With so many choices in hand-held communication available today, it should be easier than ever to “reach out and touch someone.” However, the advances in technology may be moving too quickly for many people, especially for seniors. For a generation more comfortable with face-to-face interaction and defined rules of etiquette, the increasing reliance on email, social networking and the Internet can contribute to feelings of isolation and societal alienation.
Throughout history, young people have traditionally been among the first to embrace new technologies, from phonographs to personal computers. However, whether it is due to a desire to keep in touch with their children, especially their grandchildren, or a drive to stay connected with today’s world seniors are quickly learning how to navigate our increasingly digital world. According to the Pew Internet & American Life Project, “more than 50% of older Americans are Internet users and an even higher share have mobile phones.”
Continue reading SMART TECHNOLOGY FOR SENIORS
According to The New York Times, “more than 100 medical conditions can resemble Alzheimer’s disease, and about 20 percent of people who are told they have the illness are found upon further examination to have frontotemporal dementia, vascular dementia, normal pressure hydrocephalus, Parkinson’s disease or another condition.”
In fact, Dr. Dan Skovronsky, chief executive of Avid Radiopharmaceuticals, which makes a radioactive chemical used in amyloid PET scans that may help detect and diagnose Alzheimer’s disease claims “as many as 40 percent of older adults with cognitive impairment do not have Alzheimer’s disease.”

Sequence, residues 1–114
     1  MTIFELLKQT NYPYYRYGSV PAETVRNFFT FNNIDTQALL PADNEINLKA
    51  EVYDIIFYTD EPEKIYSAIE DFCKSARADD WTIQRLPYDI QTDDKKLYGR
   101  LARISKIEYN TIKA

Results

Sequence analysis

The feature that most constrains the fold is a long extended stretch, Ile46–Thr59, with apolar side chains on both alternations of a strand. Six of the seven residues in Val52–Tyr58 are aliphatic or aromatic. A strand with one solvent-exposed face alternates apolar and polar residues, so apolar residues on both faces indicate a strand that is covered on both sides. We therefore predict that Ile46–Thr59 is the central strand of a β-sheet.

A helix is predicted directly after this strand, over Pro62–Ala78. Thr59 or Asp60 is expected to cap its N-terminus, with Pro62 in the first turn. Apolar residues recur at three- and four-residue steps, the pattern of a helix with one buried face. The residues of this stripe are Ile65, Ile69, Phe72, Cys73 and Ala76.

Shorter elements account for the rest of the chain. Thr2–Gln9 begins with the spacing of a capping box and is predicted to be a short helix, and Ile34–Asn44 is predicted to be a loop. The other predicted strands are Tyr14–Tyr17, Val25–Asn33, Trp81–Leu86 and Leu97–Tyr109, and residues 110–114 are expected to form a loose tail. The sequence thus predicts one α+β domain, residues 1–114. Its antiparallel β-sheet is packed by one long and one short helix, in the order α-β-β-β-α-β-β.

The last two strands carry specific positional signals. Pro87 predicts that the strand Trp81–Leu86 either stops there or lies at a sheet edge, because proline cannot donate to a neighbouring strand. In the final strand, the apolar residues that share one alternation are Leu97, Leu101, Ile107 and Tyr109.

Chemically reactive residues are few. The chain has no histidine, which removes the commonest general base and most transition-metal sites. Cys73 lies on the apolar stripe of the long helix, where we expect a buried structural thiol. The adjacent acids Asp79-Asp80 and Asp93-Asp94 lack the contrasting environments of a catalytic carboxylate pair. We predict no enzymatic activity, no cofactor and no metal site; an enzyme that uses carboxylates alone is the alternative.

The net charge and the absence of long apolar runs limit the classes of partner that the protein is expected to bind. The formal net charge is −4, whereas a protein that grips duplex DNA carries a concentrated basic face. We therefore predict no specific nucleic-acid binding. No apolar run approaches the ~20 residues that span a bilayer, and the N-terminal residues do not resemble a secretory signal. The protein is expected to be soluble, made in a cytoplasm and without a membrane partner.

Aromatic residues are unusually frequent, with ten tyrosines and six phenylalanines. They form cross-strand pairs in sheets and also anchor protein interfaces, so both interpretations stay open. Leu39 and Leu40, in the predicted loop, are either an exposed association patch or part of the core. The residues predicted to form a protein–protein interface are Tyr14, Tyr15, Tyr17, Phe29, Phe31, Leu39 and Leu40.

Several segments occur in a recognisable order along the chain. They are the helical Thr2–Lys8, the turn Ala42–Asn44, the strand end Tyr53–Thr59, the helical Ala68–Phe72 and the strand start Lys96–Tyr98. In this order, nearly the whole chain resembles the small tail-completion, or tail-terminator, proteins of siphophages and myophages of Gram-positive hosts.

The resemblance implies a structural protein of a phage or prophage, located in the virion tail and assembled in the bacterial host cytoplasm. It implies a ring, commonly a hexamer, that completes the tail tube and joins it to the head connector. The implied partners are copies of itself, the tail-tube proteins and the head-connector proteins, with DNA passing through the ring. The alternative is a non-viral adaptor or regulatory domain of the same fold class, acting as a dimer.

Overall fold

While medical professionals search for diagnostic tools to detect Alzheimer’s and other cognitive illness as early as possible as well as continue drug trials in search of pharmaceutical treatments designed to fight Alzheimer’s disease, many aging adults and their families are struggling with establishing the correct medical diagnosis and treatment plan for their symptoms.
“Ninety-five percent of older adults have some sort of cognitive complaint, so a lot of people will go to their doctor worried but may be dismissed as normal aging,” according to Katherine Gifford, Psy.D., neuropsychology fellow in the Vanderbilt Memory & Alzheimer’s Center. Gifford recently published her research study, “The source of cognitive complaints predicts diagnostic conversion differentially among nondemented older adults,” in the July 18, 2013 issue of The Journal Alzheimer’s & Dementia and she believes her research results demonstrate that a cognitive complaint should be taken seriously, particularly when a loved one can confirm there are issues with mental ability, such as memory loss. Gifford suggests “further follow-up or referral to a specialist” would be appropriate in such cases.
Continue reading RECOGNIZING SIGNS OF ALZHEIMER’S AND OTHER COGNITIVE DISEASES